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Growing Up Girl: An Anthology of Voices From Marinalized Spaces

Jason Ross
Date Published: 
October 01, 2006

The first thing that will strike you when you read Growing Up Girl is its honesty. Like the first time you heard L-Boogie’s Ex-Factor, and she painfully uttered…”It could all be so simple, but you’d rather make it hard…loving is like a battle, and we both end up with scars”. The sincerity in this collection of short stories, poems, and essays is undeniable. Author/Editor Michelle Sewell has masterfully woven the stories and life experiences of a varied kaleidoscope of women spanning the globe. From ages 14 to 60, Growing Up Girl stitches together the emotions, struggles, and triumphs of these women into a beautiful quilt that is womanhood. The universality of the anthology makes clear the connection of “girlhood” no matter the geography, race, or ethnicity of the said “girl.”

In the heartbreaking short story, “The Lunchbox” by Vietnamese writer Dinh Vong, the politics of the elementary school lunchroom and that outsider space that we have all inhabited unceremoniously comes crashing together. When young Lily (her new American name) decides that a lunchbox is the passport into the inner circle of her mean-spirited classmates, she also has to reconcile what she will have to leave behind to get what she thinks she wants. While in the acerbic essay, “Come Be Black for Me”, author Ethel Morgan Smith turns the outsider position on its head and speaks the truth of what it means to function in an all white academic setting and what is expected of you when you are “the only one.”

The anthology also sways between despair and resilience. One can’t help but feel the raw helplessness in 16 year-old Brittany Ball’s, “Ghetto Girl’s Story”, as she describes the plight of a 10 year-old girl turning tricks to survive, then being forced to have an abortion at the end of a coat hanger by the hands of an abusive 23 year-old boyfriend, and ultimately contracting AIDS at age 15.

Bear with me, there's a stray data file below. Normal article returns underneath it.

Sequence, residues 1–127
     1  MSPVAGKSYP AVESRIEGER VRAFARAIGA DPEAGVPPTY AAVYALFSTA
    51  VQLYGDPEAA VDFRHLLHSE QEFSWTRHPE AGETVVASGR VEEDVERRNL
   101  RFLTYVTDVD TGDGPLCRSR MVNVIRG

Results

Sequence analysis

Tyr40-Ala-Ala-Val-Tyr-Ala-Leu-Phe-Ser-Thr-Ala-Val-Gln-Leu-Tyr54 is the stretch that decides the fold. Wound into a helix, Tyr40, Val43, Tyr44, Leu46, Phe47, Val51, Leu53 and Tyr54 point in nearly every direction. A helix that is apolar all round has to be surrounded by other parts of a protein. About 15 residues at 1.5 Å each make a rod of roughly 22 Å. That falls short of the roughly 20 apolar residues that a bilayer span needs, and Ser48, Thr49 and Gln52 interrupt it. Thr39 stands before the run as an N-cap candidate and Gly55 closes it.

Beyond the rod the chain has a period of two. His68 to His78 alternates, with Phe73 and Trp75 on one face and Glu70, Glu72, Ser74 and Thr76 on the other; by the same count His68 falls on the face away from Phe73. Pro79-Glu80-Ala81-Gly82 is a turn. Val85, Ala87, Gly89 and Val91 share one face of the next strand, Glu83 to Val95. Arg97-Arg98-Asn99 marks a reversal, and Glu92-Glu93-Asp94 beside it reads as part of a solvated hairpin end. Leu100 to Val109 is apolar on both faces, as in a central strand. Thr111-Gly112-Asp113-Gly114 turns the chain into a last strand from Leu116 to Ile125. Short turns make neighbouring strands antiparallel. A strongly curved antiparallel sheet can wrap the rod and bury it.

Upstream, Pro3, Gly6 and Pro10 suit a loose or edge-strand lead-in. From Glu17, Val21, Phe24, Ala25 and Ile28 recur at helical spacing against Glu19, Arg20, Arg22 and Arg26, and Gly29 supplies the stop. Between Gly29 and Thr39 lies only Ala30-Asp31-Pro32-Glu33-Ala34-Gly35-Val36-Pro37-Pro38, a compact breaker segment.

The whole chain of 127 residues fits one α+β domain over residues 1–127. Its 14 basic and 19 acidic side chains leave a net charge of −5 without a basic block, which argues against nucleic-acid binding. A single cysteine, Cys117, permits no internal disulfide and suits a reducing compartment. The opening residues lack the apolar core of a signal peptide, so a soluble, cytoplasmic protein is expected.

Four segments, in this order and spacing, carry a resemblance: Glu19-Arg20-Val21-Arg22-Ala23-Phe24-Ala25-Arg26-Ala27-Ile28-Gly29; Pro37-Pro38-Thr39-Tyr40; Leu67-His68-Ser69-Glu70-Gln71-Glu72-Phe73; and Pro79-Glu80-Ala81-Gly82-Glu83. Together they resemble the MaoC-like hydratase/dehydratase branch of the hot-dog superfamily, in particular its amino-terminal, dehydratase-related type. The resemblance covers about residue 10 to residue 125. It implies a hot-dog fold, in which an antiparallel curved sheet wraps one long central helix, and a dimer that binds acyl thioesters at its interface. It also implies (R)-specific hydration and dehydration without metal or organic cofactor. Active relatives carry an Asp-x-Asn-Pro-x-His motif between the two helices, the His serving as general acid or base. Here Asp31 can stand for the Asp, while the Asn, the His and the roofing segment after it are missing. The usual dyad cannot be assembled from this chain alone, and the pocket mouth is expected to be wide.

Poetic mantra

Although Growing up Girl dispels the image of women as emotional, vulnerable victims, there is a sense through these poems and stories, that “a girlchild is not safe in her own house.” There are over 80 contributors in the book and almost all speak to some level of victimization that girls must endure as they try to make their way to the finish line of womanhood. I think it says something about a society that allows sexual abuse, domestic violence, and apathy to run rampant on such a level, and that girls feel they must traverse these landmines on their own.

Ultimately Growing Up Girl exemplifies the strength, beauty, and three-dimensional depth of what it is to be a woman. Girls are strong and confident, powerful and complex, and when given the room and safety can absolutely develop personal strengths and independence. I believe this remarkable “handbook” should be an addition to every library, mentoring program, and detention center. Its capacity to spark honest dialogue is undeniable and I believe it fulfills Michelle’s reassuring poetic mantra in “Girlchild”, “that there is something amazingly unique about a child born a girl—and you will always find favor.”

Growing Up Girl: An Anthology of Voices From Marinalized Spaces
Edited by Michelle Sewell
(GirlChild Press, 2006)